When it comes to choosing a bottle for your baby, there are a few things to consider.
What materials are best for baby? What size bottle should you buy and how many? How do you know where a bottle has been made? And how might production location impact on the safety standards it meets?
Then, there are also practical elements, like determining whether the bottle can adapt to your baby’s needs or fit with your breast pump, if necessary.
Like so many things, it can feel like trial and error is your only option, but we have a few helpful ideas that can perhaps give you a better starting point for choosing what's right for you and your baby.
Consideration #1 – Materials
Let’s first look at the two most common materials that baby bottles are made from: glass and plastic (polypropylene).
Glass baby bottles are often made from a borosilicate glass, which makes it particularly safe when dropped, as they tend to crack and break rather than shatter. It does, however, take a lot to break them.
Glass baby bottles are able to warm up faster than plastic and hold a consistent temperature longer, as glass is more thermally conductive than plastic. Borosilicate glass is also safe to go from cold to hot temperatures quickly without breaking.
Cleaning a glass baby bottle can be easier too, as plastic bottles often require hot temperatures and a bottle cleanser designed to break down the fat in milk to remove the milk residue.
Quality glass bottles, such as the ones in the NUK range, are safe to be used in the freezer if you prefer to freeze your breast milk or baby food directly into the container you will feed from.
Plastic baby bottles are now generally BPA free, but it is always worth checking that the brand you use is. BPA is a chemical used to harden plastic, but it has been known to have harmful health effects, so it should not be used for containing food or drink.
Being lighter to carry around, plastic bottles can be more convenient if you are needing to them with you each day.
Plastic bottles are also a little more economical than glass when you initially purchase them, although keep in mind that plastic – being softer – will need to be replaced more often, as micro scratches on the inside surface, caused by washing them, can harbour bacteria. So, ideally, you would replace a plastic bottle once a year if it’s regularly used.
Consideration #2 – Size
The next consideration when bottle shopping is what size you should buy. A key factor for determining this is whether you will be predominately feeding your baby with breast milk or formula.
With breast milk, it is always best to just warm up and offer a smaller amount, as you have put a lot of time into expressing the milk for baby and you don't want there to be left over milk, which then gets wasted.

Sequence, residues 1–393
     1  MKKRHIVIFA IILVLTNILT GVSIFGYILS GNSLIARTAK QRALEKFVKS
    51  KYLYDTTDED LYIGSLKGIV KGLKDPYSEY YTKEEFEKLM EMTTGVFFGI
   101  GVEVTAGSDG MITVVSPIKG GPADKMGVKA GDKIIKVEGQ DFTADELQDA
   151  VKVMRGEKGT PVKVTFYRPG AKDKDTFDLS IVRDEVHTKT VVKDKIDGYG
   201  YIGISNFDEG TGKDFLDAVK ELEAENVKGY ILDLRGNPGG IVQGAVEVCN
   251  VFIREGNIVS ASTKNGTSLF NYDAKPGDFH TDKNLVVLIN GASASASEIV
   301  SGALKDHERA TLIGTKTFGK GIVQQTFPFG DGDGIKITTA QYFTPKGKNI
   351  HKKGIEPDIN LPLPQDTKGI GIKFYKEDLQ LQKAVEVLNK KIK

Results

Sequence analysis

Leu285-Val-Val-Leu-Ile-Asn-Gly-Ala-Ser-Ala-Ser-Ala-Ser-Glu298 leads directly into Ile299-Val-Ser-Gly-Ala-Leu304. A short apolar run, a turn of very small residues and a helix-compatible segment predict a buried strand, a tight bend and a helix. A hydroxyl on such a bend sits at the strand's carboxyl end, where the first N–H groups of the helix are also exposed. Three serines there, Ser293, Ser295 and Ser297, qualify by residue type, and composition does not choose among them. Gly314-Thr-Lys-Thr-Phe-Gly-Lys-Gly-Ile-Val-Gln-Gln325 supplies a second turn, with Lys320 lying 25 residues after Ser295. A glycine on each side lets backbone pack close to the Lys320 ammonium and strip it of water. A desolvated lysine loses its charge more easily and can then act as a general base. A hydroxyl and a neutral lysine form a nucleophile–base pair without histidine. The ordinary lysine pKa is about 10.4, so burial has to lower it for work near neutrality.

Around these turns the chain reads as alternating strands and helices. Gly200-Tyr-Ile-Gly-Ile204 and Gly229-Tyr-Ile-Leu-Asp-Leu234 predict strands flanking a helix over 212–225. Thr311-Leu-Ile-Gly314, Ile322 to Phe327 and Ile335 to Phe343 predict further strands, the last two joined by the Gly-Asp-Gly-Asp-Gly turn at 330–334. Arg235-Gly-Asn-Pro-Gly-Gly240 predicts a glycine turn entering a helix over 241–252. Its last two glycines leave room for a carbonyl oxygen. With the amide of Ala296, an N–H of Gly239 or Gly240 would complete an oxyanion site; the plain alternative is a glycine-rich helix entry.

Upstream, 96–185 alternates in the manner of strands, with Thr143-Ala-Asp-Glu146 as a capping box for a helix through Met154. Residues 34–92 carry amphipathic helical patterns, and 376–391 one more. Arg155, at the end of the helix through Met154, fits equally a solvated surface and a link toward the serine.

So, we advise that 120ml to 150ml bottles are a great starting point. You may want to buy a larger volume bottle as baby gets older, but starting with smaller ones will be a lot easier.
When feeding with formula, the volume of milk required is often much higher than breast milk – this contrast becomes more prominent fairly quickly after birth.
This means you may find it helpful to use a larger bottle from the beginning, such as a 240ml to 300ml bottle.
Consideration #3 – Quantity
If your bottles are compatible with your breast pump, you may want one for expressing into and 1–4 bottles for part-time bottle feeding or top-up bottle feeding.
For full-time bottle feeding, 6–10 bottles will make life a little easier. However, of course, with careful planning you could have one good bottle that gets washed and sterilised after each use.
Consideration # 4 – Age & Stage
Some types of bottles can adapt to different stages alongside your baby, such as the NUK First Choice range. With interchangeable tops, you can take the same bottle from a teat, to a silicone spout for when baby starts eating solids and drinking water, through to a straw top or push pull spout.
A really great way to approach this is to buy a NUK First Choice Learner Bottle, which comes with a silicone spout and removable ergonomic handles for baby to hold the cup themselves.
When baby is little, you can remove the handles and spout and replace the teat with a teat of your choice, such as a latex teat. This bottle can then be used from newborn through to toddler stage, only replacing the teats as necessary.
Smaller bottles can also be used for storage for baby food and even toddler snacks, such as yoghurt, by replacing the teat with the sealing disc to make the bottle a jar.
Consideration # 5 – Production Location & Safety Standards
Baby bottles are produced in many countries around the world, all with varying safety standards, with Europe being at the top, with particularly stringent measures for safety. The NUK range is proudly produced in Germany and meets these high standards, which means you can rest assured our products are of the highest quality.
One of the important safety standards to mention is that which ensures the measurement on the outside of the bottle is an accurate representation of the volume inside the bottle. It can be problematic when it is inaccurate, especially when mixing formula, as the correct volume of water to powder ratio is imperative for baby’s health.
Consideration # 6 – Breast Pump Compatibility
One last thing to consider is if your bottle can fit onto your breast pump if you are going to express. It can be helpful to be able to pump in to, store, and feed from the same bottle – although, of course, it’s not necessary.
You may choose to pump directly into bags and then pour the milk into the bottle of your choice, or pump into a breast milk container and then pour that into the bottle of your choice or into a bag for storing in the freezer.
If you are still unsure about what bottle to buy, you can contact the helpful team at Belly Beyond for further advice.
Guest Blog Contributor: Danella from NUK New Zealand – Your Bottle-feeding Experts